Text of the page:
MSPs probe data privacy concerns over Police Scotland’s cyber kiosks

Written by Jenni Davidson on 12 November 2018 in News
News

Law enforcement earlier this year bought 41 of the devices for use across the country

Credit: Andrew Milligan/PA Archive/PA Images

Concerns have been raised by members of the Scottish Parliament (MSPs) about the data privacy implications of the police ‘cyber kiosks’ deployed across the country.

MSPs on the Justice Sub-Committee on Policing expressed their worries about the personal data that can be accessed via the kiosks, as well as the legal basis for accessing it, the right to privacy, and arrangements for data security.

Earlier this year, Police Scotland bought 41 cyber kiosks for use across Scotland, following trials in Edinburgh and Stirling.  The digital forensic devices can rapidly search electronic devices such as mobile phones or laptops to look for evidence, helping police at the early stage of investigations.

The Holyrood committee has held sessions on the devices, where significant concerns about the legal basis for the use of kiosks were outlined by both the Information Commissioner’s Office and the Scottish Human Rights Commission.

At a meeting of the sub-committee on 13 September, detective chief superintendent Gerry McLean told MSPs the legal basis for accessing data on electronic devices could vary, either being through a warrant, under a statutory framework such as the Misuse of Drugs Act 1971 or “more frequently” under a ‘common-law power’ such as a witness offering police a device saying there was something relevant on it.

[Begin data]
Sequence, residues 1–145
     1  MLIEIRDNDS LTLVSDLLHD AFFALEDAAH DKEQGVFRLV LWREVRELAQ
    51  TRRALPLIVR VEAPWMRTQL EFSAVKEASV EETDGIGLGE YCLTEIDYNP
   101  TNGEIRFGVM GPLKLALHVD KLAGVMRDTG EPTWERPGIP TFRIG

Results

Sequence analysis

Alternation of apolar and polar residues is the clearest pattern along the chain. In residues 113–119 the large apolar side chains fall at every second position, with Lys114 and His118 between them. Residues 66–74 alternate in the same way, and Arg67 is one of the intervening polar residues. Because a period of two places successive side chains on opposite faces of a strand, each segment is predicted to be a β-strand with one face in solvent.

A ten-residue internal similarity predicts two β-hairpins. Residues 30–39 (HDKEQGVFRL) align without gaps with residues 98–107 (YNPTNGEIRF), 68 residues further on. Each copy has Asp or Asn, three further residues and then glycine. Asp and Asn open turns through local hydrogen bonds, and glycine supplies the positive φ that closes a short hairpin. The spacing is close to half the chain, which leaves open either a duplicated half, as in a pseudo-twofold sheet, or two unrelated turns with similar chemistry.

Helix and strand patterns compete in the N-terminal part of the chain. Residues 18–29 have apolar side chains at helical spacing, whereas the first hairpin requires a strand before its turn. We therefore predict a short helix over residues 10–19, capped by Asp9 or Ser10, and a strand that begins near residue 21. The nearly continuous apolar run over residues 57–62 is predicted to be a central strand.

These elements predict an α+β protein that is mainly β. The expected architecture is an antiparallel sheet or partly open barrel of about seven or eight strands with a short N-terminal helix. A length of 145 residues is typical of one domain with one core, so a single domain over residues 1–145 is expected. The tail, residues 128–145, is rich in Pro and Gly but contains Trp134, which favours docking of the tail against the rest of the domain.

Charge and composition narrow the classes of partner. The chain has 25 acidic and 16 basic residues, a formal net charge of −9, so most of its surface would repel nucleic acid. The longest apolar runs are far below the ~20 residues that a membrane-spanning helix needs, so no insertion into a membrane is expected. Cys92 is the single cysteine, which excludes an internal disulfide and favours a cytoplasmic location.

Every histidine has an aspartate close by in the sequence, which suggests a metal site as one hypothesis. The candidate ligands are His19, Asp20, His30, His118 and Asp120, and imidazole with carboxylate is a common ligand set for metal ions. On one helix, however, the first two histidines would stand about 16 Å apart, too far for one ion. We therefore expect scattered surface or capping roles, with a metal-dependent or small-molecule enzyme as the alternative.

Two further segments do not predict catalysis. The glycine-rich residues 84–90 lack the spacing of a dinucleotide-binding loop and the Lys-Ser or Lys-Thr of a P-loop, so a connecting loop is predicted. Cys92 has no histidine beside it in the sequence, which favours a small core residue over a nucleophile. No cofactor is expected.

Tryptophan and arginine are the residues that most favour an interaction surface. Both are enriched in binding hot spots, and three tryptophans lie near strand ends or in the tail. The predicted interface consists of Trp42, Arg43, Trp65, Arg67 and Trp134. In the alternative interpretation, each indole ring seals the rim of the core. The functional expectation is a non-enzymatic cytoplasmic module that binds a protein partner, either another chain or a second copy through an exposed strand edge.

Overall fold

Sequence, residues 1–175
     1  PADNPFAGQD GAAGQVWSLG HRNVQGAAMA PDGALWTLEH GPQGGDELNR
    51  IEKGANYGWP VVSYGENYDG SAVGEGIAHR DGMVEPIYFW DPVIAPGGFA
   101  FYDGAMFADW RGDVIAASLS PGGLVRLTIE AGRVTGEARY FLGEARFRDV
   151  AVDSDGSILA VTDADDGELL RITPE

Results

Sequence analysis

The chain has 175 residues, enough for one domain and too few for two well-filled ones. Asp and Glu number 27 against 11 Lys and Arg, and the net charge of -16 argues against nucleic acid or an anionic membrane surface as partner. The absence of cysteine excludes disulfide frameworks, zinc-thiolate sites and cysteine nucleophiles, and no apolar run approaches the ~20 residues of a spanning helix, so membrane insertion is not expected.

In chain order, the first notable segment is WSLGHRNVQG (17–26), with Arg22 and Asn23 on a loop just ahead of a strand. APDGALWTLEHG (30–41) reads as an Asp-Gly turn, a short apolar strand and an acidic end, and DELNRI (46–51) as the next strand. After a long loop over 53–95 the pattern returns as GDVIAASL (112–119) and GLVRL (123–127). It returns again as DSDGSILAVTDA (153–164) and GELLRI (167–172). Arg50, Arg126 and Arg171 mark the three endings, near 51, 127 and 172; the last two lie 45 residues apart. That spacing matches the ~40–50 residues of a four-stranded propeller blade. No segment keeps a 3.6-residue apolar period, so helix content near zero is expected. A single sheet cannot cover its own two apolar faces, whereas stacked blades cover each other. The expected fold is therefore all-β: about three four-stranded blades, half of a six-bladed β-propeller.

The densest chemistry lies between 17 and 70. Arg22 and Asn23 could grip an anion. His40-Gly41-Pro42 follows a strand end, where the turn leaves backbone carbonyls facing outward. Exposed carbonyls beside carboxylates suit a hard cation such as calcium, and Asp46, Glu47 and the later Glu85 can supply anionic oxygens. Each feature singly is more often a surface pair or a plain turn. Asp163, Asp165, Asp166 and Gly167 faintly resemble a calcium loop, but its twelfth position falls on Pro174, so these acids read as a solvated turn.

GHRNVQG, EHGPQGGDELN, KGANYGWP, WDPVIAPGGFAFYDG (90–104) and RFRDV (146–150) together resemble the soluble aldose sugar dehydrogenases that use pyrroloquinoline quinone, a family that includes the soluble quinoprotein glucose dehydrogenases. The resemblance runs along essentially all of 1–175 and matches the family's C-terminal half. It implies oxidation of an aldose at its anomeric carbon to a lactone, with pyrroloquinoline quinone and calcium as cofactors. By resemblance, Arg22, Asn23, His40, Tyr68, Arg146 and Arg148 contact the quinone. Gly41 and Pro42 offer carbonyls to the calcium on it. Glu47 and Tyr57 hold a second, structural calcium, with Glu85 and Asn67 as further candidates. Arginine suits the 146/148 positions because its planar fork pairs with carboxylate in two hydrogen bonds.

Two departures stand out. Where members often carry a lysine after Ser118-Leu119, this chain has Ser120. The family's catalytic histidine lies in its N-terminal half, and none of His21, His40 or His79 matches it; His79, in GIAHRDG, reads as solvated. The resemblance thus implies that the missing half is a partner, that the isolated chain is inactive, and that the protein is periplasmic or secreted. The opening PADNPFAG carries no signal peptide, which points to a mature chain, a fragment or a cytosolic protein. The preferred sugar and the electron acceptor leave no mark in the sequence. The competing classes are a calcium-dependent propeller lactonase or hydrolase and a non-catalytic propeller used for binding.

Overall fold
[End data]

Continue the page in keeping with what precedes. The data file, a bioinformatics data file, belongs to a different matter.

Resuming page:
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Diego Quiroz of the Scottish Human Rights Commission asserted that searching a search of electronic devices should be on a par with a physical search of a property.

He said: “We know that cyber kiosks can access private data – everything from texts to photos and web browsing – and even more sensitive data, such as biometric data. My phone has my fingerprints and my voice, for example. In a criminal law context, there can even be information about journalistic material or legally privileged information. That is incredibly sensitive data, so the framework and its legality are important.”

He added: “It is possible to find more private information in a mobile phone than in a bedroom or a house. Let us keep with that metaphor. The police need a warrant to search a house. That being the case, a more or equally intrusive digital measure will certainly require a similar safeguard. However, this is the first time that I have heard the police mentioning the idea of using warrants. I think that the commission would not be satisfied if there was no similar legal safeguard to that which there is when a house is searched in Scotland.”

McLean told the sub-committee that if there was no legal basis for Police Scotland to continue with the technology, the rollout would not proceed.

However, Police Scotland has confirmed that it is continuing with the introduction of cyber kiosks across Scotland, scheduled for December 2018 and early 2019.

Justice Sub-Committee on Policing convener John Finnie MSP said: “MSPs and the public will be rightly concerned to hear that the police service is very close to rolling out cyber-kiosks while major questions remain unanswered over the legality of using these machines. The sub-committee has been at the forefront of raising questions about cyber-kiosks, and we will continue to hold police leadership to account for their decisions in the coming weeks.”

The sub-committee has invited these witnesses to give evidence on the topic again on Thursday 15 November.

About the author

Jenni Davidson is a journalist at PublicTechnology sister publication Holyrood, where a version of this story first appeared. She tweets as @HolyroodJenni.

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